Thursday, October 11, 2007

I'm one of those rare modern Americans who has a home.
It's Austin, Texas, if you ask my mother, who was there (after a fashion) at the time.

I'm doubly lucky in that my home is one national leaders have falsely claimed as their own, to gain the imperative of respect. If you count luck as the Dutch do, Austin is lucky. We are the Amsterdam of the Southwest US.

I can say "we" again.

While I was in Austin last March, I asked a veteran in my profession (SI) what it was like to be in a town which respected, and supported, what she did.

She smiled, said it was a great joy and a great honor.
You know, we never needed to say anything... I felt it in her, and she felt it in me.
I was on the verge of my homesick tears, and she comforted me, in a very grounding, structural way.

Since then, every time I have gotten a session (damn few, due to my remote location!), I have gotten up ready to "to go" in a place slow to orient, evolve and accept. I can only hammer one will at a time to what I do... and if I don't have Chuck's job to give me time and space, I don't have time to beat my way through the brush. Stuck in Army limbo, it's hard to make a commitment, except to the Army. And that's not going to happen. Too many broken bodies, broken lives, too little care, too little time, too little too late, too many demands on folks considered in this administration an underclass, rewarded with capital letters and rotting rehabilitation facilities... too much heartbreak.

I've lost my patience, and am not willing to lose my mind, break my fingers and my will against a multitude of stubbornnesses and stupidities.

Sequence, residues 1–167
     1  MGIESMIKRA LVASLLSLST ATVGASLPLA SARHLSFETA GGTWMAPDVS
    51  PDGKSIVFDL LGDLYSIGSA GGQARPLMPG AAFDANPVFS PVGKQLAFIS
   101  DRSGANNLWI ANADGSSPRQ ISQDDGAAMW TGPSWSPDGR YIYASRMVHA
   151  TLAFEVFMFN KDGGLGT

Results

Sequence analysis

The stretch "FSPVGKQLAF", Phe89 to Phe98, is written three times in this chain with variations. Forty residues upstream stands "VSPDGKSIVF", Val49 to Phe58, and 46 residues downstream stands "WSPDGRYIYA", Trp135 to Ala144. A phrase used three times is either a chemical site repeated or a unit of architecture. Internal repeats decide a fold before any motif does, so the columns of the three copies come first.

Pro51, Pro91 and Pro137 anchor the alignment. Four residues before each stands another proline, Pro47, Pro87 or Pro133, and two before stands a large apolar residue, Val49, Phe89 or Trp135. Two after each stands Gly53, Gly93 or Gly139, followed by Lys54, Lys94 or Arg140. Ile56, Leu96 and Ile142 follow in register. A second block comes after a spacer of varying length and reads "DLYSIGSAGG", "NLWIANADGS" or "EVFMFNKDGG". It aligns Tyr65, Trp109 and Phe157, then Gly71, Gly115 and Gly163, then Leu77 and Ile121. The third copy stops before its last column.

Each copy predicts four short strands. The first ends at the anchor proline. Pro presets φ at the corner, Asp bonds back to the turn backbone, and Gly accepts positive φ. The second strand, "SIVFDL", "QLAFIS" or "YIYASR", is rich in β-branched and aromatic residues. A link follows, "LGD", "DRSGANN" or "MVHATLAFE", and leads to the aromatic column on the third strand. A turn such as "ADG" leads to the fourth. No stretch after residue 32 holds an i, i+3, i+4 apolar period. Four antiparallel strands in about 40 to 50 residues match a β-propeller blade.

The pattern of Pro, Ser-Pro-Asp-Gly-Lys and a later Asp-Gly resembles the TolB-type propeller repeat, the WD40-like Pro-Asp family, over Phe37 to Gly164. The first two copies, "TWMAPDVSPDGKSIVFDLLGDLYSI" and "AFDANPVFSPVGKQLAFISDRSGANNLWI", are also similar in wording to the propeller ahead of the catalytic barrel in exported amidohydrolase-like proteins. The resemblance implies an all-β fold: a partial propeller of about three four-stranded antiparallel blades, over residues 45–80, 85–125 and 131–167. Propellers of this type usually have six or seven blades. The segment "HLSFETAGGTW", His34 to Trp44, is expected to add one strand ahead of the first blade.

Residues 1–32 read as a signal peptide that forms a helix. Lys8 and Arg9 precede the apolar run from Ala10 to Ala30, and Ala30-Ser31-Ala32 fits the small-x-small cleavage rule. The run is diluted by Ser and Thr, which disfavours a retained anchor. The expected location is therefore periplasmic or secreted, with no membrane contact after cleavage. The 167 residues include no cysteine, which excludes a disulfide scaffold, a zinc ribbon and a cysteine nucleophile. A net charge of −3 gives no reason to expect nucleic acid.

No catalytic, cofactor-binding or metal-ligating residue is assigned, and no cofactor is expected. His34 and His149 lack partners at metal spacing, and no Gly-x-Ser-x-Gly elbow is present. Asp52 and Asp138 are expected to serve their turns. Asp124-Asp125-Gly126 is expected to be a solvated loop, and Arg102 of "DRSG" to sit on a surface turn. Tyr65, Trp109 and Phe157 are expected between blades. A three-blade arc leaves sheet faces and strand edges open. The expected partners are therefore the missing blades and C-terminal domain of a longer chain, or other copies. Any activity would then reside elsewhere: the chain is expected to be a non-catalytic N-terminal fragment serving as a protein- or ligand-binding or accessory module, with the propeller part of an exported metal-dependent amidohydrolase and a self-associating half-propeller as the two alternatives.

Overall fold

The Oberpfalzers like to watch everything for years, before they give it a try. They won't have time to wait, with me. The very nature of my existence here is ephemeral, as far as they are concerned. And they will miss what I have been taught, because they were too slow to try it.

I've learned the language, I've learned to appreciate the culture, there are things I love, and things I can't get. I would stay, but the environment is not pro-business, and the language, bureaucracy and culture are deeply opaque. I have gone in further than most non-natives, and can converse in a limited fashion. I hate the limits, though. I suppose I would hate them, anywhere.

The Army is, if anything, slower and more stubborn as an organization. Individuals who discover the benefit, like the lieutenant I saw today, putting her body together 10 months after the birth of her first child and made a passing grade on her PT test for the first time, are quick adapters. The rheumatologist who came to me with jaw problems for herself, and sends me the most interesting clients, is another quick adapter. Her efforts to bring SI work into wider exposure have been beautiful and ambitious. However, preaching to stones is preaching to stones. I cannot bring people into responsibility. I can just prod them upright...

So when this same veteran put out the call for professionals in her area at a new holistic health center in Austin, I sent a small sad note that I wish I could respond. She said, they'd be glad to have me.

I talked to my husband, who has not been extended in Germany, by a penny-pinching administration.
He encouraged me, and knows I've been suppressing my homesickness for our good, and his career, for years now.

He is willing to do what it takes, to support what it is I am here to do.
This is what started the whole odyssey.

So I find myself back at the beginning of the maze, possibly with a lot of cheese.
As long as we're not starving, I'll hope it's not Velveeta.

1 comment:

Peter said...

Hi Delicate Flower Of Heaven,

I'm afraid you may find re-entry shock a far greater pain than the culture shock you had when you left Texas. Just make sure to keep us on speed dial, and round trip tickets from AUS to DTW start at $225. Come for beer, snow, budo and commiserating. After so long in Japan, no place really feels like home except a dojo filled with friends.

Your friend,
Peter